Sonia Sotomayor on Government Reform
Barring felons from voting disqualifies race-based groups
In Hayden v. Pataki, 2006, the Second Circuit rejected a challenge under the Voting Rights Act to a New York law denying convicted felons the right to vote. The plaintiffs in the case had argued that in light of the long history of discrimination, both
in society & in the NY criminal justice system specifically, the state's disqualification of felons constituted disqualification based on race. The majority reasoned that Congress did not intend the VRA to apply to state felon disenfranchisement laws.
Sotomayor dissented from the court's decision, opining that the VRA "applies to all voting qualifications," and--in her view--the state law "disqualifies a group of people from voting." She emphasized that "even if
Congress had doubts about the wisdom of subjecting felony disenfranchisement laws to the results test, I trust that Congress would prefer to make any needed changes itself, rather than have courts do so for it."
Source: ScotusBlog.com, "Civil Litigation"
, Jul 25, 2009
The president can veto laws but not make them
If [a law says it's] authorized to let the president do something, then the president's acting at the height of his powers. If Congress has explicitly or implicitly prohibited something, then the president's acting at the lowest ebb of his powers.
In all of the situations, once you've looked at what Congress has done or not done, you then are directed to look at what the president's powers may be under the Constitution minus whatever powers Congress has in that area.
That's the basic structure of our system of government. That's why the Congress makes the law. The president can veto them, but he can't make them. He can regulate, if Congress gives him the authority to do so and within other delegated authorities.
I shouldn't use the word "delegated," because it has a legal meaning. But the point is that that question is always looked at in light of what Congress has said on the issue and in light of Congress's power, as specified in the Constitution.
Source: Confirmation Hearing, US Senate Judiciary Committee
, Jul 14, 2009
Public campaign finance can fund based on opponent spending.
Justice Sotomayor joined the dissent on AZ FREEDOM CLUB PAC v. BENNETT on Jun 27, 2011:
An Arizona public campaign financing law allowed a person who agreed to the restrictions of a publicly financed campaign to receive an initial allotment from the state. That initial allotment was increased when the spending of a privately financed opponent together with the spending of any independent group exceeded that initial allotment. The public funds to match opponent expenditures topped out at two times the initial allotment.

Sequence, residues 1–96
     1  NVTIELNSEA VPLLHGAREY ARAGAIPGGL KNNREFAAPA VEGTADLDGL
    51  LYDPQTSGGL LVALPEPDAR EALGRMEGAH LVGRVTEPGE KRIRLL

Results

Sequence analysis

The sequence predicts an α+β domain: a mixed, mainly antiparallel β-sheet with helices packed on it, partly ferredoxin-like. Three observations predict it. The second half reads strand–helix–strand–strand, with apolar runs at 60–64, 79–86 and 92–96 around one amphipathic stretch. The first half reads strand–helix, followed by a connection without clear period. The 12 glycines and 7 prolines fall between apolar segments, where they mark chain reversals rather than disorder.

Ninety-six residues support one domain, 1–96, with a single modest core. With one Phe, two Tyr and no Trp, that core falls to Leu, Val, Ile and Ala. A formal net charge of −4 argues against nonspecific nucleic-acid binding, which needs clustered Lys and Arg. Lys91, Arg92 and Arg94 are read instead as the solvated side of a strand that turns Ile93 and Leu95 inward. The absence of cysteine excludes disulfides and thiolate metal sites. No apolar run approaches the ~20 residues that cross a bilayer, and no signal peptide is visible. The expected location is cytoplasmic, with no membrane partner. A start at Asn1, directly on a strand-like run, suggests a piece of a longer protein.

HELD: Delivered by Roberts; joined by Scalia, Kennedy, Thomas & AlitoArizona's public financing law places a burden on privately financed candidates. If privately financed candidates spend money above a certain level, they necessarily entitle their publicly financed opponents to greater funding. Their First Amendment right to free speech in a political matter--which includes spending money on their campaigns--is inhibited. Independent groups do not qualify for public financing at all, but their spending still may lead to a funding
increase for the candidates the independent groups oppose. Leveling the playing is not a compelling state interest justifying a burden on a First Amendment right, nor is combating corruption. Arizona would be free to give the maximum amount to all public candidates, but that does not justify inhibiting the free speech of candidates and independent groups.
DISSENT: Kagan dissents; joined by Ginsburg, Breyer, and SotomayorThe First Amendment's core purpose is to foster a political system full of robust discussion and debate. Arizona's public campaign finance did not restrict speech, it increased speech through public subsidy with the goal of decreasing the corruption of both quid pro quo campaign payments made in exchange for official acts or an office seeker feeling beholden to his great financial supporters. Any burden on free speech, the burden could hardly be more substantial than what the Court announces would be legal: a larger, up-front allotment to a public candida
Source: Supreme Court case 11-AZ-PAC argued on Mar 28, 2011
Page last updated: Jul 12, 2013